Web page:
|Hediste diversicolor characteristically inhabits estuaries where turbidity is typically higher than other coastal waters. Changes in the turbidity may influence the abundance of phytoplankton available as a food source that may be attained through filter feeding. However, Hediste diversicolor utilizes various other feeding mechanisms and, at the benchmark level, the likely effects of a change in turbidity are limited.|
|Hediste diversicolor is infaunal, inhabiting a burrow in which it seeks refuge from predators and may partially emerge to seek and capture food. In addition, it inhabits low energy depositional environments. An alteration of factors within the environment that increases wave exposure is likely to cause erosion of the substrata and consequently, loss of habitat. |
Recovery would be influenced by the length of time it would take for the habitat to return to a suitable state for recolonization by adult and juvenile specimens from adjacent habitats, and the establishment of a breeding population. This may take between one and three years, as populations differ in reaching maturity (Dales, 1950; Mettam et al., 1982; Olive & Garwood, 1981), from the time that the habitat again becomes suited to the species.
|Tolerant*||Not relevant||Not sensitive*||Low|
|Hediste diversicolor may be able to detect some noise vibration but is not known to exhibit a significant response at the benchmark levels. However, wildfowl which prey upon estuarine infauna such as Hediste diversicolor are known to be disturbed by noise, consequently predation pressure upon Hediste diversicolor may be reduced for the length of time that the disturbance continues.|
|Tolerant||Not relevant||Not sensitive||High|
|Hediste diversicolor demonstrates a distinct movement towards darkness (skototaxis) and it has been shown that feeding sensitizes the worm to light and influences their response to a sudden increase in illumination (Herter, 1926; Evans, 1966, in Clay 1967(c)). Otherwise, Hediste diversicolor lacks the visual ability to be affected by the visual presence of moving objects not normally found in the marine environment.|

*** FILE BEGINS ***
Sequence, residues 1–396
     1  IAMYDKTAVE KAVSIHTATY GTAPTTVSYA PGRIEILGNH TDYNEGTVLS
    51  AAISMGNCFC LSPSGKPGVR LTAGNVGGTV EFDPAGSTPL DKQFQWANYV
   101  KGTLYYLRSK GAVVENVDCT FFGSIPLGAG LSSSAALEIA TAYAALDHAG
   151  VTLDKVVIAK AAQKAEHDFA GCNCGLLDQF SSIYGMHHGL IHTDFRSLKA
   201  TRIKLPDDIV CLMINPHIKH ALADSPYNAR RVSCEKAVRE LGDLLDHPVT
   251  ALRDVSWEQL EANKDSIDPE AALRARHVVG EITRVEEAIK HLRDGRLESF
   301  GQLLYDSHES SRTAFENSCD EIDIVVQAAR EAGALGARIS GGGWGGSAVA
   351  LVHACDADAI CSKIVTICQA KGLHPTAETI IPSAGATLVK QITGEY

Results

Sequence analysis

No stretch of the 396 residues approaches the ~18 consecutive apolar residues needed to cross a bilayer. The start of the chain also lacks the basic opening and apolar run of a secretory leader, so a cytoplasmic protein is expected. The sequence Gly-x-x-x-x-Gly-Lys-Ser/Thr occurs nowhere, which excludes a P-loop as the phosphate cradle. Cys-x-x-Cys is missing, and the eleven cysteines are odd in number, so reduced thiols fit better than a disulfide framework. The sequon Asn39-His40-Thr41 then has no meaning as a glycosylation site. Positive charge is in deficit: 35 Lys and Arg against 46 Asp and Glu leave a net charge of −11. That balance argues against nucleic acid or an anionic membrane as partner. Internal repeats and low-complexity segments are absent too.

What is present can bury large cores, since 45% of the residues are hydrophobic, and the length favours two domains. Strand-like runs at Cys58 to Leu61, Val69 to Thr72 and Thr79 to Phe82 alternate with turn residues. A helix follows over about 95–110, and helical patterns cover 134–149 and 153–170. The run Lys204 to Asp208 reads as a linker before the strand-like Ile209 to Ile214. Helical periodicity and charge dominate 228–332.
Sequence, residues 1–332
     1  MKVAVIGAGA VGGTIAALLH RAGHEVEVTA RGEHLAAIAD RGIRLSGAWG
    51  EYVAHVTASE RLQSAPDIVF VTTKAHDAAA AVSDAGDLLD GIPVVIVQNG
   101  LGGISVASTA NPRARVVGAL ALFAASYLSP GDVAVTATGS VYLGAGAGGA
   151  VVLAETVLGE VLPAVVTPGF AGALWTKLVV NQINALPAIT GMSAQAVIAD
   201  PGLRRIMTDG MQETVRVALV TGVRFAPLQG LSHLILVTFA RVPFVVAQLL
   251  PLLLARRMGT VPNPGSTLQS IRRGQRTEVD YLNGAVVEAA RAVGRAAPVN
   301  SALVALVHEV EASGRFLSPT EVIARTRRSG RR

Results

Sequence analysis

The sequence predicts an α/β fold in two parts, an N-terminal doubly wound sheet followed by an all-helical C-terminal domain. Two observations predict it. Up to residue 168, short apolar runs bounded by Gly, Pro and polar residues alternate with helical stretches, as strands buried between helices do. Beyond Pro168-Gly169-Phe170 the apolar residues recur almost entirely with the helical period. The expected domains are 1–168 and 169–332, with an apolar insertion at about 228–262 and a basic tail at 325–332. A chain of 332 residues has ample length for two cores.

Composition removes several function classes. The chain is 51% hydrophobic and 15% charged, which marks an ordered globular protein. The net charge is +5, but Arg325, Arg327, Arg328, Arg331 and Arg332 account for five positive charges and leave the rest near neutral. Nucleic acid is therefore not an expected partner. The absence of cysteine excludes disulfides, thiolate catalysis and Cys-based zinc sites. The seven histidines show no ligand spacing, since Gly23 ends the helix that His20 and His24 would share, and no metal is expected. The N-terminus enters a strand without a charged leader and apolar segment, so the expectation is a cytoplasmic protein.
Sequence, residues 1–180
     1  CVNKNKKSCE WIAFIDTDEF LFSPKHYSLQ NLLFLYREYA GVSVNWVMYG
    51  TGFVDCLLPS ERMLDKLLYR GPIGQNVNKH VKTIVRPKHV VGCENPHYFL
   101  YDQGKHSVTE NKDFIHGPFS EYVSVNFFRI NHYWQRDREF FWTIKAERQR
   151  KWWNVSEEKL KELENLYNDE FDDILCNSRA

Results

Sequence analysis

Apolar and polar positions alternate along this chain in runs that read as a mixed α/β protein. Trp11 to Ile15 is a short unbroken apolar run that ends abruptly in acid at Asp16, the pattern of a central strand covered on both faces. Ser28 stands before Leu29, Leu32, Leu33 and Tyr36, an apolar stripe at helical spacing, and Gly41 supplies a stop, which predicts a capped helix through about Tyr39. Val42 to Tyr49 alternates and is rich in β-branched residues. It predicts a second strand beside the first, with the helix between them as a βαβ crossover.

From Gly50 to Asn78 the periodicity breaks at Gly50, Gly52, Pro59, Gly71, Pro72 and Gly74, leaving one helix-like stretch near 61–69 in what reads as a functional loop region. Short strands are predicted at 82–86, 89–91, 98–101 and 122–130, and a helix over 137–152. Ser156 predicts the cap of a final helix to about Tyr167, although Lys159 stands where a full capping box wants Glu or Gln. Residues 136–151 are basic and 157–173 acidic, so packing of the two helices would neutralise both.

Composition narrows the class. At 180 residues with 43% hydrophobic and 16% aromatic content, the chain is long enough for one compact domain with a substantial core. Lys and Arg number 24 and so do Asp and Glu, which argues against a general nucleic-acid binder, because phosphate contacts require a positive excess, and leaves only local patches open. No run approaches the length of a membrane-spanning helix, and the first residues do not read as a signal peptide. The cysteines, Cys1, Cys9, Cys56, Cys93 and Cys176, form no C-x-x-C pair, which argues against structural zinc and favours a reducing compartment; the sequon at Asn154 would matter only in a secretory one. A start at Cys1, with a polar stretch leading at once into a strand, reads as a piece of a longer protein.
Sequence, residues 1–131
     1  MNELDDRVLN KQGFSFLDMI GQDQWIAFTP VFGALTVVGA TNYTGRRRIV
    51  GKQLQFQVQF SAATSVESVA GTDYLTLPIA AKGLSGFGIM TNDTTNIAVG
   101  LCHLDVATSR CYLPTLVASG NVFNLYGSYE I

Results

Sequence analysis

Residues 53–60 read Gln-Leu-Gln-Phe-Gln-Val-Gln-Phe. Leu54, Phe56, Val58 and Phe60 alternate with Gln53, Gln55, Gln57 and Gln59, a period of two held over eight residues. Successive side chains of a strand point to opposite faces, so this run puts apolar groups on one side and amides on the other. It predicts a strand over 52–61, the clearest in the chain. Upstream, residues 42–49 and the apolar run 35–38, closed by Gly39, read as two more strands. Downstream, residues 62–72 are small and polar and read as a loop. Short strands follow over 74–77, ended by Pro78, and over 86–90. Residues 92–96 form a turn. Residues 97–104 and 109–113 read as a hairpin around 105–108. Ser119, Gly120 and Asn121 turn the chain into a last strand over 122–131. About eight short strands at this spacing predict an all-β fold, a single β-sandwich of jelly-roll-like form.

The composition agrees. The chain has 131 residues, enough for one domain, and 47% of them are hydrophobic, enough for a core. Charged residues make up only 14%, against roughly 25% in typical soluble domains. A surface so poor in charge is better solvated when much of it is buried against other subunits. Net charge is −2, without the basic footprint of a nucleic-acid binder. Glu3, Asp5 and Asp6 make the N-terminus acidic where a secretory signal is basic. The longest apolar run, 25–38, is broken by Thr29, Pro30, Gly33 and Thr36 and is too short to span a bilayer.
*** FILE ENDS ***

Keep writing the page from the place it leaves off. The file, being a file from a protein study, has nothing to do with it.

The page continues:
|The body of Hediste diversicolor may be physically damaged by mechanical interference as it has a fragile hydrostatic skeleton. Mechanical interference within the substratum, such as that caused by the dropping and dragging of an anchor or fishing gear, could physically damage ragworms within the path of the anchor and cause their displacement. Physical injury and displacement would hinder the ability of a ragworm to burrow rapidly back into the sediment to seek refuge from predation. |
Regeneration of the lost body is often observed (M. Kendall, pers. comm.) however it is likely that some individuals may die and an intolerance of intermediate has been recorded.
|Displacement from within the sediment to be left upon the sediment surface would increase the risk of Hediste diversicolor to predation but as a mobile burrowing species it is able to burrow rapidly back into the sediment and seek refuge. However, this is only possible if the animal is near its own burrow on a suitable substratum (M. Kendall, pers. comm.). The burrows of other worms are well defended through territorial behaviour.|